How did you come up with this idea?

This is one of the questions I get asked the most when I tell people about ByteFrost. Honestly, it’s not that exciting, I am simply someone with a lot of nieces and nephews who all decided to grow up. Showering them with toys is no longer an option, so I send them gift cards for special occasions. Since they all live in different cities, I now give them eGift cards. I got to thinking that there has to be a more fun way to give and get an eGift, so I decided to create digital puzzles that a recipient has to solve to activate and access their card. The ByteFrost method of giving interactive eGift cards creates both unique and memorable experiences.

What is your background and how does it help you run this company?

First off, I’m a child of the ‘80s, so I grew up as a participant in the rise and evolution of video games. It was an exciting time being able to escape into the world of Atari Adventure and get enthralled with the fantasies of War Games and TRON!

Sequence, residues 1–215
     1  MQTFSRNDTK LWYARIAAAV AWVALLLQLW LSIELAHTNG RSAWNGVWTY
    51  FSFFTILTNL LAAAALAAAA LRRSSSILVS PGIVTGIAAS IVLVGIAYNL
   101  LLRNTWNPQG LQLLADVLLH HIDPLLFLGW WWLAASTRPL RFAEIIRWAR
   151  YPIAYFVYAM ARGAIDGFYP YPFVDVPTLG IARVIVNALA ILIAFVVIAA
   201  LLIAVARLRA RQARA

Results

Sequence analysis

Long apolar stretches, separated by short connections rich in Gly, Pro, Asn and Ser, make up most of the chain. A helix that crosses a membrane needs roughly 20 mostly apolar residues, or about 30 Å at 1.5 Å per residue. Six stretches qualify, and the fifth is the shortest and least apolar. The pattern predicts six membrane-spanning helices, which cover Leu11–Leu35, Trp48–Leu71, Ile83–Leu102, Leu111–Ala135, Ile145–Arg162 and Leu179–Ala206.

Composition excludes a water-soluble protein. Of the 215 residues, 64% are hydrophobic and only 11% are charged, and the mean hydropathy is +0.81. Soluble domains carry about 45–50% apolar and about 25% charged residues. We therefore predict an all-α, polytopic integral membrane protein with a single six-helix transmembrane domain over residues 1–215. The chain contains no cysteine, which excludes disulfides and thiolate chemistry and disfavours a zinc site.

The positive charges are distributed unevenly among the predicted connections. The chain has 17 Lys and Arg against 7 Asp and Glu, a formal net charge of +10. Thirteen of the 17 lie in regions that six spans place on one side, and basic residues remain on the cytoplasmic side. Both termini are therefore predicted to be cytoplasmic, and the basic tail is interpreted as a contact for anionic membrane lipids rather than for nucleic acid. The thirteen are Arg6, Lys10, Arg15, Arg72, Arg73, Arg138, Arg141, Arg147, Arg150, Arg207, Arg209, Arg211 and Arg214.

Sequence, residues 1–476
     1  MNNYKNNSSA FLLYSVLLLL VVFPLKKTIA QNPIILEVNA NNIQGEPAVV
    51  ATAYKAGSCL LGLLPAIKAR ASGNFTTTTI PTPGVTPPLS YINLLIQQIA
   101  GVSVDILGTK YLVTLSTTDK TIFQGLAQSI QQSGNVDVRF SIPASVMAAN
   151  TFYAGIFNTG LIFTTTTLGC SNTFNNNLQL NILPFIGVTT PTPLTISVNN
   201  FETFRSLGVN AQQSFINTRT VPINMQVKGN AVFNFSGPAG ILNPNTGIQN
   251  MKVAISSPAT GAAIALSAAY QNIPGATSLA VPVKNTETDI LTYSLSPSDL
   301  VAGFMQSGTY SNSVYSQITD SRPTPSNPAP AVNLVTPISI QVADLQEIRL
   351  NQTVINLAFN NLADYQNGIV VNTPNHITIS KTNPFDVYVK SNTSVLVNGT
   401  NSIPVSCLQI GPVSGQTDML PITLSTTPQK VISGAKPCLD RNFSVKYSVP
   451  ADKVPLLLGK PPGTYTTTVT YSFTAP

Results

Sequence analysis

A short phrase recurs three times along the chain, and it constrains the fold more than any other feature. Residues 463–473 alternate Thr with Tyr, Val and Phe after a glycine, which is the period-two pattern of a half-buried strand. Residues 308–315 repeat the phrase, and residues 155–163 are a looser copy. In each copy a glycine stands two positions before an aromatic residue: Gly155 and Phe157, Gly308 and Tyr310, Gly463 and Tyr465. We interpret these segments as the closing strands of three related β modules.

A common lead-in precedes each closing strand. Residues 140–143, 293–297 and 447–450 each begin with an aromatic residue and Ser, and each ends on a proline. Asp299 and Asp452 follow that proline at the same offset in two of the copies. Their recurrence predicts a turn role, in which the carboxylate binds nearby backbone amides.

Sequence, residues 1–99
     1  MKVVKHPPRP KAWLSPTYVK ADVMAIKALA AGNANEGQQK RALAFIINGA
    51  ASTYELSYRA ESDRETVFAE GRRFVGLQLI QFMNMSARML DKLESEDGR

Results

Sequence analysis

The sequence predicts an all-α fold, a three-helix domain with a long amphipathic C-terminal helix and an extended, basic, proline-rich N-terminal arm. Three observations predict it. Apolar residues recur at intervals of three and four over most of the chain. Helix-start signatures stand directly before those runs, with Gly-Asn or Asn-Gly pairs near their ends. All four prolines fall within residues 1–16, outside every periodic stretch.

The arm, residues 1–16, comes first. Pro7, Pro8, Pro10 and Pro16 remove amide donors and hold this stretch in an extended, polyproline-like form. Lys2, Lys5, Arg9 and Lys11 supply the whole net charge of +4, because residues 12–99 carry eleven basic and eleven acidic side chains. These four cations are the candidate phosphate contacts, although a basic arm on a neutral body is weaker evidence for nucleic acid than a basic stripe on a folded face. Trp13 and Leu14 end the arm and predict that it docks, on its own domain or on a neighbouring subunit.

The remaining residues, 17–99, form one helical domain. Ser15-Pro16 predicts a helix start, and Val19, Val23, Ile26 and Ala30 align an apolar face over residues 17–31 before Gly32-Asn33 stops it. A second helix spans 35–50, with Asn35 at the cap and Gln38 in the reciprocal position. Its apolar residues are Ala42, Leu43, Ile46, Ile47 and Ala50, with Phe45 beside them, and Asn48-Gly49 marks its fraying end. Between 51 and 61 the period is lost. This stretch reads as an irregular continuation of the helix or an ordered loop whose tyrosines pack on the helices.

Second, I was intrigued with computers at an early age when one of my junior high math teachers introduced me to the Tandy TRS 80. I was one of only two girls in a programming class In high school.

Third, I went on to major in business and management information systems from CalPoly, SLO, got hired with Deloitte Consulting and eventually with Hewlett-Packard Enterprise managing large-scale application development projects. At some point, I earned my MBA from Pepperdine University, so I am well equipped to run a business that involves both finance and technology.

What is your vision for the company?

My vision is that ByteFrost continues to create fun and interactive experiences that make giving and getting eGift cards fun and memorable. I think this can also be applied to any downloadable digital content given as gifts. And, while it wasn’t an initial objective, the eco-friendliness of digital gifting is quite obvious. Imagine a world where we save the landfills from the plastics and packaging of gift cards!

As far as the culture of my company, my closest friends and family all know that while I invite discussion, dialogue, and even disagreement, as long as we pull our weight and are kind to each other, the rest will follow.